Your lack of supervision and personal involvement, and inappropriate delegation of study tasks resulted in a failure to obtain informed consent appropriately, failure to promptly report to the IRB, failure to maintain adequate drug disposition records, failure to maintain adequate drug disposition records, failure to maintain adequate and accurate case histories, and failure to follow the investigational plan as described below.

2. YOU FAILED TO OBTAIN INFORMED CONSENT IN ACCORDANCE WITH 21 PART 50 FROM EACH HUMAN SUBJECT PRIOR TO CONDUCTING STUDY RELATED ACTIVITIES [21 CFR 50.20, 312.60].

For Protocol #[(b)(4)], study records indicate that Subject [(b)(6)] was enrolled on April 24, 2004, had surgery performed on April 27, 2004, and began study procedures on the same day as the surgery. However, the informed consent document (ICD) that the subject signed agreeing to participate is dated June 7, 2004.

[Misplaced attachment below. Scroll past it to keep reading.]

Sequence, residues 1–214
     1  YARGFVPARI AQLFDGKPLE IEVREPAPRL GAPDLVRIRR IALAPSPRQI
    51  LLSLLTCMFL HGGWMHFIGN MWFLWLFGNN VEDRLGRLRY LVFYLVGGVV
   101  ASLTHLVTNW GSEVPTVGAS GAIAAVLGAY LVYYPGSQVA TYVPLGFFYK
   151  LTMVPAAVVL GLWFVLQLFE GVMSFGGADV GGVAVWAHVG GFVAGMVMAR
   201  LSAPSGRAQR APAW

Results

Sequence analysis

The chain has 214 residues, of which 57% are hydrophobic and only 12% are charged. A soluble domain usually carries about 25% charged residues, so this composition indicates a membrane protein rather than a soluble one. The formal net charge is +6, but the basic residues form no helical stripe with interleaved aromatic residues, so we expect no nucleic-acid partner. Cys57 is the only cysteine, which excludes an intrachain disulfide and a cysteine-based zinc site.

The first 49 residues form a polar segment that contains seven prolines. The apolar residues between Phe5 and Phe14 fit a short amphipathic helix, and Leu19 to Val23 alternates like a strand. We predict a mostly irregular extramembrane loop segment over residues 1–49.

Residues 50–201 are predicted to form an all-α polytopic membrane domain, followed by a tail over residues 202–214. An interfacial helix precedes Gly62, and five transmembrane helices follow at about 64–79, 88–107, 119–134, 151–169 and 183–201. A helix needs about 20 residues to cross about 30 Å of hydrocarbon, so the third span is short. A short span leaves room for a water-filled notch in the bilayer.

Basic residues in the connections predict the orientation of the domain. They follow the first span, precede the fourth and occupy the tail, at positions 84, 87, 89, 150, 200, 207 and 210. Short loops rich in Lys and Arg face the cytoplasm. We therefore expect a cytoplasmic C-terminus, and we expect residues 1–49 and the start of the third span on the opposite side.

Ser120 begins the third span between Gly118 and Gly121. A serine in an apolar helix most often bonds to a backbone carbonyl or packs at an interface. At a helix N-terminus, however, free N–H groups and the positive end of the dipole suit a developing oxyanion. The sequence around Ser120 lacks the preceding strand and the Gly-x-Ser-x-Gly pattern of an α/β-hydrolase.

3. YOU FAILED TO PROMPTLY REPORT TO THE IRB ALL CHANGES IN THE RESEARCH ACTIVITY AND ALL UNANTICIPATED PROBLEMS INVOLVING RISKS TO HUMAN SUBJECTS; AND YOU FAILED TO OBTAIN IRB APPROVAL BEFORE MAKING ANY CHANGES IN THE RESEARCH [21 CFR 312.66].

a. According to the informed consent document dated January 29, 2002 and revised March 28, 2002, your site was approved to enroll 10-15 study subjects. Over the course of the following two years, you enrolled one hundred thirty-one (131) subjects; however, you did not receive IRB approval for this large increase in the number of subjects enrolled. Amendment #2, dated September 30, 2003 describes the sponsor's intention to increase the number of subjects enrolled nationwide. This amendment was not submitted to the IRB until May 10, 2004, and did not refer to a specific increase in enrollment for your site in particular.